This story focuses on a family that may have a rare genetic mutation that increases their risk of heart disease. Unfortunately, the “rare” part wasn’t mentioned until 1,600 words into this 2,100 word story.
While this story adequately addressed 7 of our 10 criteria, the 3 on which it missed were significant omissions, yet could have been easily addressed.
Solid medical conference reporting, with many expert interviews and good context provided. Goes far beyond the conference presentation itself.
Overall, a fairly thorough report that addressed almost all of our criteria satisfactorily.
If you skim too quickly, you’ll miss that this “breakthrough” in type 2 diabetes research came from a study of mice — not humans. The story may have overstated the promise of bench research.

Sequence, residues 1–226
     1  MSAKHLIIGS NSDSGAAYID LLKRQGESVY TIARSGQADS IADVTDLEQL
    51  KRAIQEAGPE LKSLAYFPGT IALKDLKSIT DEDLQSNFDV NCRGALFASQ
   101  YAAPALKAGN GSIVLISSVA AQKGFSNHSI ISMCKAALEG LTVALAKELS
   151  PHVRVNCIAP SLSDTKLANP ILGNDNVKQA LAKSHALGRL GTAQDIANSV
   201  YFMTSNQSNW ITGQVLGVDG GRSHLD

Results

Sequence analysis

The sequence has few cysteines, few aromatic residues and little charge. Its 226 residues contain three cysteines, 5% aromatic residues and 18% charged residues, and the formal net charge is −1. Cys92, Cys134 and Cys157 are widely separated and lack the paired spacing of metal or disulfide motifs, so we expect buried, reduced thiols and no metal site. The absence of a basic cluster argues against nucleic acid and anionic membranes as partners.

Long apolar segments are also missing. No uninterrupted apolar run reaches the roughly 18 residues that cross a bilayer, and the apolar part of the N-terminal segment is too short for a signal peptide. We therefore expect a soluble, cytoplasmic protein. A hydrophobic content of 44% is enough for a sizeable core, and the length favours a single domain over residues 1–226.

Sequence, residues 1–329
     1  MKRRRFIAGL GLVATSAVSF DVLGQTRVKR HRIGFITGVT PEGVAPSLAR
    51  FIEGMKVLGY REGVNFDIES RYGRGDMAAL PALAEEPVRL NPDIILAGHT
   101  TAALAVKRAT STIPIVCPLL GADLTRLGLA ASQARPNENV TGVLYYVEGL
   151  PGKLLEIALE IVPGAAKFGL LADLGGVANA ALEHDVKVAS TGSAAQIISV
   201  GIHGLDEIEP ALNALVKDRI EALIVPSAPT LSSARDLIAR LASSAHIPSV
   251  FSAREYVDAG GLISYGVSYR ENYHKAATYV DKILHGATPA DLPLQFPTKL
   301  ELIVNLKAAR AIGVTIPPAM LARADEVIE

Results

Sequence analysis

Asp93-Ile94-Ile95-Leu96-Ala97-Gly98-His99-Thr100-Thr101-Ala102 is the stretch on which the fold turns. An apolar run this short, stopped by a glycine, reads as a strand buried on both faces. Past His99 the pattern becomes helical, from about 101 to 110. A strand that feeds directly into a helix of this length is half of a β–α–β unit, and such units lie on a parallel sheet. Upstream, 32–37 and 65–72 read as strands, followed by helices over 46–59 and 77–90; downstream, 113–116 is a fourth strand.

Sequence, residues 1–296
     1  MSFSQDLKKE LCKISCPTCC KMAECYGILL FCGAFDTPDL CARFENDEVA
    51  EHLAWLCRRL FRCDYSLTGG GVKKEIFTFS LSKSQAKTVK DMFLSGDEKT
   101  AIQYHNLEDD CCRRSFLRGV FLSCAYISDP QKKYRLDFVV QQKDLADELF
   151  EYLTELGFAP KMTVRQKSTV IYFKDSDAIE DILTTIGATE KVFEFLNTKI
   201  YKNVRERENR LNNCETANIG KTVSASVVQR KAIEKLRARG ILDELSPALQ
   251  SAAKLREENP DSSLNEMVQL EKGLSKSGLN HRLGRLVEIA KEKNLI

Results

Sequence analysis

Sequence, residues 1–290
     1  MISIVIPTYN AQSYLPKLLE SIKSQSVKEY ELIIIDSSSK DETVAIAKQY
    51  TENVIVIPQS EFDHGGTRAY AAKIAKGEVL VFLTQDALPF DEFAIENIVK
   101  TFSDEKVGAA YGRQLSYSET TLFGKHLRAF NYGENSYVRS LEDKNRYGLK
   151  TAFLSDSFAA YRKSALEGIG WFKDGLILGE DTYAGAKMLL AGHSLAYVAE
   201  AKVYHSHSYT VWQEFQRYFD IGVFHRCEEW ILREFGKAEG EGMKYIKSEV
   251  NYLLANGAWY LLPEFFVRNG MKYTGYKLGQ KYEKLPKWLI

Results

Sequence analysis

This story addressed most of our criteria. The ones it missed could have been easily addressed.
Good details in reporting on the study, and valuable additional context and perspectives.
If the independent expert you interview states that the findings are “not incredibly novel,” then why is this newsworthy?
Even large observational studies have inherent limitations, but this story barely cracked the shell on this topic.
The lead says new type of drug helps people sleep without next-day grogginess. But the experiment did not include people (just animals) and didn’t measure next-day grogginess (just midnight memory tests).